Google VR Broadcasts Pride Parades Around the World For Those Who Can’t Attend

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It is not possible for every LGBTQIA person across the planet to attend a Pride parade in their location. Maybe there aren’t any celebrations near them; maybe they live in one of the 70 countries where it’s a crime to come out; maybe they just don’t have the resources to get to an event near them. Or maybe they just want to see what it’s like to celebrate Pride in other parts of the world but lack the means to travel elsewhere in person.

Now, thanks to Google’s #Prideforeveryone project, you can attend Pride parades around the world in virtual reality.

This isn’t just a VR simulation of a Pride parade—these are real parades, documented with 3D cameras that have been stationed at events all across the planet this week. According to Google’s current map on their website, there are twenty cameras in use so far, grabbing footage from Pride marches in the following countries: Australia, New Zealand, Chile, Columbia, Argentina, Brazil, Mexico, the US, Canada, the UK, Ireland, Switzerland, Belgium, Hungary, Italy, South Africa, India, China, South Korea, and Japan.

Yes, this is a great way for Google to get publicity about 3D video and Google cardboard, and also to use Pride events in order to demonstrate a show of compassion. I’m definitely not the only person with mixed feelings about projects like this; companies tend to only care about LGBTQIA folks when it benefits them.

That said, it’s undeniable that a project like this one is something that only a company like Google would be able to do, as depressing as that may be. They’ve got the resources and global reach to broadcast Pride events around the world, and the technology to make it possible for everyone to watch these events in stunning high-definition 3D video on a computer or phone or tablet. No matter how cynical I might be about Google, I still teared up watching their promotional video (embedded above) and thought about how important it is to increase accessibility to these events. Google has a lot of power here, but they are using that power in a way that does benefit people, at least in this case.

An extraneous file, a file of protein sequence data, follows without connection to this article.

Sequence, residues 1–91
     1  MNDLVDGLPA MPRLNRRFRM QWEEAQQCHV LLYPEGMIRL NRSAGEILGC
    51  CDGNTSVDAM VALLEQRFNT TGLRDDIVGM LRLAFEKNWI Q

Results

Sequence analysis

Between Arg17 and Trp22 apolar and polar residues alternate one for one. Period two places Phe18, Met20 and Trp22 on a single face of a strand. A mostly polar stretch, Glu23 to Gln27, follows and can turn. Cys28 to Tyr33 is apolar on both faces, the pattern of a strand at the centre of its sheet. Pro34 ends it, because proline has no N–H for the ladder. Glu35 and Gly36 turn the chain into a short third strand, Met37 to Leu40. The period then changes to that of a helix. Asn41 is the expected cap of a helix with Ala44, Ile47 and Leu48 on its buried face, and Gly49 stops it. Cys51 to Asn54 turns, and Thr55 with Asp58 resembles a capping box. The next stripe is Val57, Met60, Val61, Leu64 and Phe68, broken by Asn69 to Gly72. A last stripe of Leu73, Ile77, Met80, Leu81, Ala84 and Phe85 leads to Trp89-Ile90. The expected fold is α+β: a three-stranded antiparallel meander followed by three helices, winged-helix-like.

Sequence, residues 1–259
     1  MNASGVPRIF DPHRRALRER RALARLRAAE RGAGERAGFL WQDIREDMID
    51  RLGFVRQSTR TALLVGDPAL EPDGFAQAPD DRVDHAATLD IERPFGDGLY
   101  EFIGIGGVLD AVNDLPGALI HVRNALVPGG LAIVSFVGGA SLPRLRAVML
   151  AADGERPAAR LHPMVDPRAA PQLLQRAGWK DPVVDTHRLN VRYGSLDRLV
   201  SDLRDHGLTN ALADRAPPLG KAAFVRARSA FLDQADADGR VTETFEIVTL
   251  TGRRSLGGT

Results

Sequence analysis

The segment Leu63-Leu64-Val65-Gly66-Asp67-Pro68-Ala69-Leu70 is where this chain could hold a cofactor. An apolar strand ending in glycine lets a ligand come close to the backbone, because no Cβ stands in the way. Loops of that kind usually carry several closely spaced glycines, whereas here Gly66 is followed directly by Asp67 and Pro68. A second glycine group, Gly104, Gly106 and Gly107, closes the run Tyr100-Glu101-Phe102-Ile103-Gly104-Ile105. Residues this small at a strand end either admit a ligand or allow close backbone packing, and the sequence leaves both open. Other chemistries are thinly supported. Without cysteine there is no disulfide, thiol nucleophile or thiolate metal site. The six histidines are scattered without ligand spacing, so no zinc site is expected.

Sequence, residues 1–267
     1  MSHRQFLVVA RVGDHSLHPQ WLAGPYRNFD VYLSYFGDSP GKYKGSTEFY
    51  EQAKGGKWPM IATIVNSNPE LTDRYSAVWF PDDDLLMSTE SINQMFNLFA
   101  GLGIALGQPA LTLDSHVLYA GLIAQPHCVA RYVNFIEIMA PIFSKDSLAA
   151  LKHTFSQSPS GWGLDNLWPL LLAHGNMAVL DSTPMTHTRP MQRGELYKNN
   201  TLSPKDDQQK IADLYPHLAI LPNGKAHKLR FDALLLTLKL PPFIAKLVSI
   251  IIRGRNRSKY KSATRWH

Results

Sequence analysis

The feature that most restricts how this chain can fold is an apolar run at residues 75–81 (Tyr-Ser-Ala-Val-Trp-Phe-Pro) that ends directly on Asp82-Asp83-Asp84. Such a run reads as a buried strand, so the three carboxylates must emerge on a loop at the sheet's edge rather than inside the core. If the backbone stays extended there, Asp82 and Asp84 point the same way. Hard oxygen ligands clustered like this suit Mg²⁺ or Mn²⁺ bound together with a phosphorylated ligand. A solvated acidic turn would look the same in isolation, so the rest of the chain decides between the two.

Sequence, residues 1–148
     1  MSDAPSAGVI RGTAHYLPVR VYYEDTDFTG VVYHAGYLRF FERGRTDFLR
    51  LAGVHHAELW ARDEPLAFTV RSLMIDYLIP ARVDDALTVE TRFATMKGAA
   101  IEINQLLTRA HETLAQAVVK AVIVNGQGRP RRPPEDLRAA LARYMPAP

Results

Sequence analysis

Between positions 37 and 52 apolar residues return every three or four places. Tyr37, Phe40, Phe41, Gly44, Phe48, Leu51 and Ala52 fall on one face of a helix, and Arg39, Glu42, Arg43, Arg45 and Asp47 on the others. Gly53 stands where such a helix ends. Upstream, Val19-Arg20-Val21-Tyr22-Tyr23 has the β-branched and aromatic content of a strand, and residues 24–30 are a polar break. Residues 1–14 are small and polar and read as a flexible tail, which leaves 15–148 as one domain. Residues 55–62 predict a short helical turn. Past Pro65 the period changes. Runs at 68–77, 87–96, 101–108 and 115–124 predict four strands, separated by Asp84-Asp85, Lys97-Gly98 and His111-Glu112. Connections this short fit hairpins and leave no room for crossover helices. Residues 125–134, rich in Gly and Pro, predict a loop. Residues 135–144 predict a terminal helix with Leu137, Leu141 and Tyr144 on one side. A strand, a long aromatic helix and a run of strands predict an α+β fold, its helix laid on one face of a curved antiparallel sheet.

The #Prideforeveryone videos increase visibility of Pride and the experiences of the people there, and they do so without making any sort of statement beyond “this should exist and this should be accessible to as many people as possible.” Well, that, and the implicit suggestion to throw money at Google. But I’m just going to ignore that for the time being and instead feel grateful that I’m able to watch Pride events around the world.

(via Tech Times)

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Maddy Myers
Maddy Myers, journalist and arts critic, has written for the Boston Phoenix, Paste Magazine, MIT Technology Review, and tons more. She is a host on a videogame podcast called Isometric (, and she plays the keytar in a band called the Robot Knights (